Kraken Investigated for Allegedly Servicing Crypto Traders in Iran: Report

San Francisco-based cryptocurrency exchange Kraken has reportedly been subject to a Treasury Department investigation since 2019

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key takeaways

  • A leaked internal document reportedly showed Kraken serviced 1,522 users with residences in Iran as of June
  • It also had users in Syria and Cuba — both of which are sanctioned by the US

Cryptocurrency exchange Kraken is reportedly under federal investigation for allegedly allowing users in Iran to trade digital assets in violation of US sanctions.

The exchange has been under investigation by the Treasury Department’s Office of Foreign Assets (OFAC) since 2019 and could face a penalty, the New York Times (NYT) reported on Tuesday, citing five sources familiar with the matter.

Sanctions against Iran have been a recurrent feature of US policy for over three decades. Former President Donald Trump reimposed sanctions in 2018 after withdrawing from the Iran nuclear deal, which he claimed failed to limit the country’s missile program. These sanctions meant US businesses with trade links in Iran would have to wind down operations.

Marco Santori, chief legal officer at Kraken, said the San Francisco-based crypto exchange doesn’t comment on specific discussions with regulators and is expanding its compliance team to match its business growth.

“Kraken closely monitors compliance with sanctions laws and, as a general matter, reports to regulators even potential issues,” he told Blockworks via email. The Treasury unit reportedly investigating Kraken didn’t return Blockworks’ request for comment by press time.

Separately, the US has imposed sanctions on certain Russian individuals over its war with Ukraine. But there is no legal requirement to restrict crypto companies from entirely banning access to accounts. Kraken CEO Jesse Powell said in March that total bans would be unfair to Russians, calling such a move a “pretty extreme measure.”

NYT reported that Kraken still serviced users in countries under sanctions, including Iran, as of June, citing a spreadsheet Powell posted to a company Slack channel.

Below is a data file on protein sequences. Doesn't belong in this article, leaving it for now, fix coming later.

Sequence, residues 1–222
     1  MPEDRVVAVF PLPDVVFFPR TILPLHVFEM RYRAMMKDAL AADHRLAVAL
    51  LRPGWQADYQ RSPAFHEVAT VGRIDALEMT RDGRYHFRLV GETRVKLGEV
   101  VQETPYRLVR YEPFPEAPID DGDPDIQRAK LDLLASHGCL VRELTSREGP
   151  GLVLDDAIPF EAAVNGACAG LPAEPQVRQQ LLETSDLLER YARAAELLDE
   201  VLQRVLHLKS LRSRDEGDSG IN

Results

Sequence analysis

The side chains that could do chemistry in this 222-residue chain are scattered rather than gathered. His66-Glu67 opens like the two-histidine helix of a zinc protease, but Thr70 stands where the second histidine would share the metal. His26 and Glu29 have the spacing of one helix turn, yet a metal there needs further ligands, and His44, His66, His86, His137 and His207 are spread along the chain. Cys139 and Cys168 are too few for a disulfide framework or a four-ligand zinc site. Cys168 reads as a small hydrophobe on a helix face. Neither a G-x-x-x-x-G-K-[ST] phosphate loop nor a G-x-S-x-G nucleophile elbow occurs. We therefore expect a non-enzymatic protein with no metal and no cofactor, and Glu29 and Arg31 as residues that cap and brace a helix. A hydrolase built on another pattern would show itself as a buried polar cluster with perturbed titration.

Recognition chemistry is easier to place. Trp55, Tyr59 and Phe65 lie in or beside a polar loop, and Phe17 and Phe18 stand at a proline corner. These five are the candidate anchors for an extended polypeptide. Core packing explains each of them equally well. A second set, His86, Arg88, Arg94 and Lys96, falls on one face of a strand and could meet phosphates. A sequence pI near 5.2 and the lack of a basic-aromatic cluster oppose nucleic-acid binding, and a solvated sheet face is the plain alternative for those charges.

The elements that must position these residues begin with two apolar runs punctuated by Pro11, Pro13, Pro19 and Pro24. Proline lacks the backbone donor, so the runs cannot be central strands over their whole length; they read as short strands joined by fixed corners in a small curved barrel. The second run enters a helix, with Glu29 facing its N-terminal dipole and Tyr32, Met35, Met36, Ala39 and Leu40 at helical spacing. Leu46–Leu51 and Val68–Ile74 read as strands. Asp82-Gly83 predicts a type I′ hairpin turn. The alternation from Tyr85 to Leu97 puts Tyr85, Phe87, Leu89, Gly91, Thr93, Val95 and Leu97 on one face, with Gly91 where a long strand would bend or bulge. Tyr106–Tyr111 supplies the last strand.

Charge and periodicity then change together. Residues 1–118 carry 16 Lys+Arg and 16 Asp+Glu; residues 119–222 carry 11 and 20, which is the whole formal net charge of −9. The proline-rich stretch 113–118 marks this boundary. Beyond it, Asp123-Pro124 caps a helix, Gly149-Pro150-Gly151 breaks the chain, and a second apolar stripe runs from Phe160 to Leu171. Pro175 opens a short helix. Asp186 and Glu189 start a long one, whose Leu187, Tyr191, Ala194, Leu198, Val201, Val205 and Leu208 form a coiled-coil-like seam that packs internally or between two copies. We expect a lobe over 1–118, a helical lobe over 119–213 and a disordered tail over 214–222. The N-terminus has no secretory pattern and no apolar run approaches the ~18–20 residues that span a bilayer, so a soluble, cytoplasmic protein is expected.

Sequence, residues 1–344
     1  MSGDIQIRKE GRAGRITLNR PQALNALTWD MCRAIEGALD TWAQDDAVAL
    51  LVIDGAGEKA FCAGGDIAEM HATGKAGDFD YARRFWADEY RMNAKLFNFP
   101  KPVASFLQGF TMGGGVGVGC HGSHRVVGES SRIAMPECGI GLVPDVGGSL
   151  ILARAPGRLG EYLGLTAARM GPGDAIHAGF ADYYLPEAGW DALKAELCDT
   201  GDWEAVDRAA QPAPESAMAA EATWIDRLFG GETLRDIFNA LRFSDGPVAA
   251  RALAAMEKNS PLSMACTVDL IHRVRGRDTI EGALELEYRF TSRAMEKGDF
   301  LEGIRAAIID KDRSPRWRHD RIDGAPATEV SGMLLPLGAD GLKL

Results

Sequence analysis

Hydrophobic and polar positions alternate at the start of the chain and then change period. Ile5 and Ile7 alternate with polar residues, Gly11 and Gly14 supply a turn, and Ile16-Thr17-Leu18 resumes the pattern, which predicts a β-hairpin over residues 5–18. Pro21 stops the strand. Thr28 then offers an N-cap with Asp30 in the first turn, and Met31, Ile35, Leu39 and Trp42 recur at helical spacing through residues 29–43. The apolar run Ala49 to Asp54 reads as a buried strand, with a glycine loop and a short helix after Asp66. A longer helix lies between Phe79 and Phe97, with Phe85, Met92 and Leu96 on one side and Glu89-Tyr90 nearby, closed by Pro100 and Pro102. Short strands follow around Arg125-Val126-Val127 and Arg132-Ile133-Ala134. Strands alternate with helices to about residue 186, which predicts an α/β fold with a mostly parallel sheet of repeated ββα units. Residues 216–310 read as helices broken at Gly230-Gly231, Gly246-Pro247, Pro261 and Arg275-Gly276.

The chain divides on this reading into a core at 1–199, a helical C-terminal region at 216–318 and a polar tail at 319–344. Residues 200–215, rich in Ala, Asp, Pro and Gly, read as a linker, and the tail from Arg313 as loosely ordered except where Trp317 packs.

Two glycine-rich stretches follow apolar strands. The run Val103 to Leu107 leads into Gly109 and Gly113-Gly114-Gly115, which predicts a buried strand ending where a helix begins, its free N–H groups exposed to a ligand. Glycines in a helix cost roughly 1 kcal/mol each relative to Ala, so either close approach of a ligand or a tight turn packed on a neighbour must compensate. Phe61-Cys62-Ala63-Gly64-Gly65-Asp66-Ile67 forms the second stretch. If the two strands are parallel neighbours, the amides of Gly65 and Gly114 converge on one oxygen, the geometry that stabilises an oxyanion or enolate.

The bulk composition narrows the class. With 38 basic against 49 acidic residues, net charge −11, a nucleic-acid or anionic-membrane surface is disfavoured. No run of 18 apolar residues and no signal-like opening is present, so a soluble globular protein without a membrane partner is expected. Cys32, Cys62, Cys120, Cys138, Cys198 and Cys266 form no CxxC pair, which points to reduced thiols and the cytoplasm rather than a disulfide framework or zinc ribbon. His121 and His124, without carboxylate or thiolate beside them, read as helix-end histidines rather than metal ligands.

Powell’s spreadsheet — which soon became inaccessible to many employees — showed Kraken had 1,522 users in Iran. The firm had 149 users in Syria and 83 in Cuba, both of which are also under US sanctions. The document reportedly showed over 2.5 million users in the US and over 500,000 in the UK.

Kraken not alone in facing allegations of servicing sanctioned countries

Growing scrutiny of cryptocurrency firms has been playing out as the blockchain industry goes through one of the most difficult periods in its short history.

Factors include an uncertain macroeconomic environment, diminishing risk appetite after the collapse of TerraUSD (UST) and the knock-on effects on crypto lenders like Celsius and Voyager. Going forward, industry commentators expect to see the crypto regulatory landscape accelerate.

Reuters reported earlier this month that Binance violated US sanctions by allowing Iran-based customers to trade on its platform. Chagri Poyraz, Binance’s global head of sanctions, said the company did block access to traders in Iran but users may have been able to bypass restrictions via Virtual Private Networks (VPNs).

Kraken, which was reportedly seeking a valuation over $10 billion earlier this year, has previously faced enforcement actions, although not for defying US sanctions. In September 2021, the Commodity Futures Trading Commission issued a $1.25 million penalty against the exchange over an alleged illegal offering. 


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